David, like most of us would rather flee than fight and there are only two choices anyone has when they face any form of human conflict. You can either run away or fight. Even those who do not run away from conflict still feel in their hearts and minds a sense of flight from the danger and difficulties they face.

David wrote earlier of this sense of wanting to fly away from danger in Psalm 11: 1 when he was probably writing about his all most certain fleeing from the wrath of King Saul who sort to kill him as well, he writes,

“In the Lord I take refuge. How then can you say to me: ‘Flee like a bird to your mountain”.

 David wanted to stay and fight on trusting in his God when he wrote those words but the danger of Saul’s threats over took him and he had to turn and run or ride for his life into the desert area’s of Israel.

Again 2 Samuel 15: 13ff. and the following two chapters will record how David had to run or ride for his life. This time David had to take hundreds of his family and friends. But we will see in this Psalm and in Psalms like Psalms 3 and 4, also written in the context of this flight from Absalom that even if we have to run from certain death, God is still with us to help and save us.

In Psalm 3: 1 – 4, David speaks of this when he writes,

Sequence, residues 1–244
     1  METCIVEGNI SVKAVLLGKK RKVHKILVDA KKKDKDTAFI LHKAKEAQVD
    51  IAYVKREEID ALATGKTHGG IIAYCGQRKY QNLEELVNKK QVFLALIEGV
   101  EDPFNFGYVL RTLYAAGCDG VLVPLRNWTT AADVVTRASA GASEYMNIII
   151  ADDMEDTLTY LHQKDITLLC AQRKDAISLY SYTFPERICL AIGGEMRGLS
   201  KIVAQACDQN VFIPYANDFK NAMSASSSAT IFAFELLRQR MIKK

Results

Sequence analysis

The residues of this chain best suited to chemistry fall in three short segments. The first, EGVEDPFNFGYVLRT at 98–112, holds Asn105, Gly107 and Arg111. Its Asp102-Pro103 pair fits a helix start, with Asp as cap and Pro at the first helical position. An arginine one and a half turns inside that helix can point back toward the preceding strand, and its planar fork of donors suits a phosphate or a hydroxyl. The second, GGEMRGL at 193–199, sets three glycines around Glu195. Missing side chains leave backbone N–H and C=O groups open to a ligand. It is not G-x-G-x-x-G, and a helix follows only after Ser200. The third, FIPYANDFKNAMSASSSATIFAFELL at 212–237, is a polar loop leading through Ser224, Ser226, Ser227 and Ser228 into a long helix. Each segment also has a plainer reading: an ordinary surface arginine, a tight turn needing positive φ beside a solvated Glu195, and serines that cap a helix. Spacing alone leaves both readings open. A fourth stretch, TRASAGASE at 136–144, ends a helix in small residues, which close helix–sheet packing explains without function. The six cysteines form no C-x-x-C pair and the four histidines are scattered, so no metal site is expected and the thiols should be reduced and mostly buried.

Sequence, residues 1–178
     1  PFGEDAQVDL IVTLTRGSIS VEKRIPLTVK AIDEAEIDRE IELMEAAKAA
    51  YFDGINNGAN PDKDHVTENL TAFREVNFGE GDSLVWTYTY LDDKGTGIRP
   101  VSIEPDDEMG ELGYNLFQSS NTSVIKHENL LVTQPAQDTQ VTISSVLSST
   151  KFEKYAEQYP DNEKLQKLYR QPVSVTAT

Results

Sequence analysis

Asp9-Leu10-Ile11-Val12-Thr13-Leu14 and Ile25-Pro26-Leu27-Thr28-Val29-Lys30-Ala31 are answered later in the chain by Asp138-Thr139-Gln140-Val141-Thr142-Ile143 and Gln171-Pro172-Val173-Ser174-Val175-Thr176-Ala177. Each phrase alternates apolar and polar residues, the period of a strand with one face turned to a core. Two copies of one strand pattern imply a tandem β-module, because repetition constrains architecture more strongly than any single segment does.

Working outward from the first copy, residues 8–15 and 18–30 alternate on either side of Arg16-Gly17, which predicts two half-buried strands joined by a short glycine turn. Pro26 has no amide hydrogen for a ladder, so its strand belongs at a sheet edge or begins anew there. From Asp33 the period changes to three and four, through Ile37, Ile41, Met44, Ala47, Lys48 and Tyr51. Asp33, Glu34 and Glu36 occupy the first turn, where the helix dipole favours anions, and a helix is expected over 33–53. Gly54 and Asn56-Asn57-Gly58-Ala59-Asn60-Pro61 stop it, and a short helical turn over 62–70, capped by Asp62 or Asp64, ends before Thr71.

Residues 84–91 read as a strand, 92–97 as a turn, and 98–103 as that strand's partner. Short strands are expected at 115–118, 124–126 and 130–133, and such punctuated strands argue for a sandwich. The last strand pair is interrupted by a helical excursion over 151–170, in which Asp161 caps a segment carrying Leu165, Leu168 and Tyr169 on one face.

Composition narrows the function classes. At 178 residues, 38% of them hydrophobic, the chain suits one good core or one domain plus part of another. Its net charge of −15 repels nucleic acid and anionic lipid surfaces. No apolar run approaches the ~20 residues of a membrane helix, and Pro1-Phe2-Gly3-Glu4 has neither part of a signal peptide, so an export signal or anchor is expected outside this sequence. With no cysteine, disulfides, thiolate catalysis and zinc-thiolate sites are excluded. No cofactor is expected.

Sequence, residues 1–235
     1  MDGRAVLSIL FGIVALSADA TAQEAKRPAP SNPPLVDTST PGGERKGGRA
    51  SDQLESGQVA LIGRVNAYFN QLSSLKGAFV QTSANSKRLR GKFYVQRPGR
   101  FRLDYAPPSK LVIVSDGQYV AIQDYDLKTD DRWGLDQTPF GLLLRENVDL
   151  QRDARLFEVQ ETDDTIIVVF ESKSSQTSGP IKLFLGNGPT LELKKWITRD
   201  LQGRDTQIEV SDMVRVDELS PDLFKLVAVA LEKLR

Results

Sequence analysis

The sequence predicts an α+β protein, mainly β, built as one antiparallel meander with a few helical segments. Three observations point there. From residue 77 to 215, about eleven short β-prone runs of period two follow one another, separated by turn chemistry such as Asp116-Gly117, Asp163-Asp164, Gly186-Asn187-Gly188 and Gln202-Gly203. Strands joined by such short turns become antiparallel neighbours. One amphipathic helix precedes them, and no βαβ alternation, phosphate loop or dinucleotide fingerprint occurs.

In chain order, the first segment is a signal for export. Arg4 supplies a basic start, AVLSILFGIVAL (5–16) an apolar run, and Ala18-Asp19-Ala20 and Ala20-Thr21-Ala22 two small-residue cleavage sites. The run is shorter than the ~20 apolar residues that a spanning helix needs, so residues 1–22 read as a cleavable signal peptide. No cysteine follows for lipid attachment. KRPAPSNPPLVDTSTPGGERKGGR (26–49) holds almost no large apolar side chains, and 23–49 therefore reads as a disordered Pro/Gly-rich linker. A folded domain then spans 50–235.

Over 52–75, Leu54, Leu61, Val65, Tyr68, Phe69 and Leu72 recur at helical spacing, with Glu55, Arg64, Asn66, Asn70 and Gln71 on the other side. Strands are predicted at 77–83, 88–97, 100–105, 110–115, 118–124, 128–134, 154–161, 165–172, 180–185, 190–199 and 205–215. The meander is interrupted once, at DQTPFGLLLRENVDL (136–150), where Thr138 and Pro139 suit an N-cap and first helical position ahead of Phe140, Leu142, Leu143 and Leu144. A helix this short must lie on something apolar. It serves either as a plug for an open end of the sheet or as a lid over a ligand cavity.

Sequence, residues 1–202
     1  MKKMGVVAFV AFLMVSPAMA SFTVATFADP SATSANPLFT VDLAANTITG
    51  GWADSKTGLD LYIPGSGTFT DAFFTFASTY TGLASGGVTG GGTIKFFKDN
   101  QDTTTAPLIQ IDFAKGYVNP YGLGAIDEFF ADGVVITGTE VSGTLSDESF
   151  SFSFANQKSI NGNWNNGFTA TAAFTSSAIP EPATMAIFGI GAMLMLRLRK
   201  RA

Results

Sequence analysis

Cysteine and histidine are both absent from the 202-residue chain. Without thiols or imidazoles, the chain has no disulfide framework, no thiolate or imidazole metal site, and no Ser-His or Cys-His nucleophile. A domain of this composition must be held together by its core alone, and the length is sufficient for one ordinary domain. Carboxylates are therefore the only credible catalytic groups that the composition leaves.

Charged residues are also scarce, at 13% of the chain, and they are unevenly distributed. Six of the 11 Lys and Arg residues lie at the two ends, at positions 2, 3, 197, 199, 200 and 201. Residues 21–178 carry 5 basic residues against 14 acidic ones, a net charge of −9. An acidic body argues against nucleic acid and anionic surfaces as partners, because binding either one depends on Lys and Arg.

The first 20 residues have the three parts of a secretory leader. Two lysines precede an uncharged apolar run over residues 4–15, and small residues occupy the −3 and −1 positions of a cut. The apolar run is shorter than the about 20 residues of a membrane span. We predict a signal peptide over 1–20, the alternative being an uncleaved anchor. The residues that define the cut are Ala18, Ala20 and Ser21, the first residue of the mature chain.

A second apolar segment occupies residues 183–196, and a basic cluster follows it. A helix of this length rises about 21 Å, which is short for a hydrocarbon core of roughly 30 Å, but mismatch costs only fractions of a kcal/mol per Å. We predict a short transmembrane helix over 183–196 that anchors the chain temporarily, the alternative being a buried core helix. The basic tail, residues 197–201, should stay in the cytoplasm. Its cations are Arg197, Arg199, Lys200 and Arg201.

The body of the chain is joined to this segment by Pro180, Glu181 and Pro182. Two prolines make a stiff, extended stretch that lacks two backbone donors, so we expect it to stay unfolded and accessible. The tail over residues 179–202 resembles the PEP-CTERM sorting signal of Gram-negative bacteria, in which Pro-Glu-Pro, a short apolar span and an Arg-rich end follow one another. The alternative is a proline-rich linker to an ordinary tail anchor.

“O Lord how many are my foes! How many rise up against me! Many are saying of me ‘God will not deliver him’.

But you are a shield around me, O Lord; you bestow glory on me and lift my head. To you the Lord I cry aloud, and he answers me from his holy hill.”

 What application can this have for us?

I like Kidner’s answer to this when he writes,

“It is some comfort to us to know there are spiritual giants who have had these urges whether they have succumbed to it like Elijah (1 Kings 19: 3ff) or withstood it like Jeremiah 9: 2 and 10: 19”.

David initially resists the urge to run away but as I have already said after four years of treacherous speech and action from Absalom he has to flee to the desert area’s to save not only his life but also the lives of his family and close friends.

  1. DEALING WITH THE TREACHERY OF THE DEVIL AND HIS FOLLOWERS (9 – 21)

How David speaks in this next section seems to indicate he is no longer in Jerusalem as he speaks of “strife in the city” verse 9, “prowling on its (Jerusalem) walls” vs. 10, “destructive forces are at work in the city” vs. 11 and former “fellowship as we walked with the throng at the house of God” in verse 13.

This means to me that David is writing part two of Psalm 55 outside of Jerusalem when he was probably on the run from Absalom and his dangerous forces.

The way he felt in his heart and mind when he was in the city hearing the treacherous words of Absalom and his followers would now be the same but probably would have been even more intense. In this section he also has the added pain of dealing with the treachery of a formally close and devoted friend.

I have broken this section down into three pa

       1. (9 – 11) The extent of the anarchy

       2. (12 – 15 and 20 – 21) The depth of betrayal 

       3. (16 – 19) The God who hears our prayers

 

  1.  (9 – 11) The extent of the anarchy

David now prays a prayer that he often prays in his Psalms, namely an imprecation, which is a prayer or request to God to call down God’s judgment on our enemies. I commented on this in my last Psalm talk on Psalm 54 and have also commented on this in many other Psalm talks.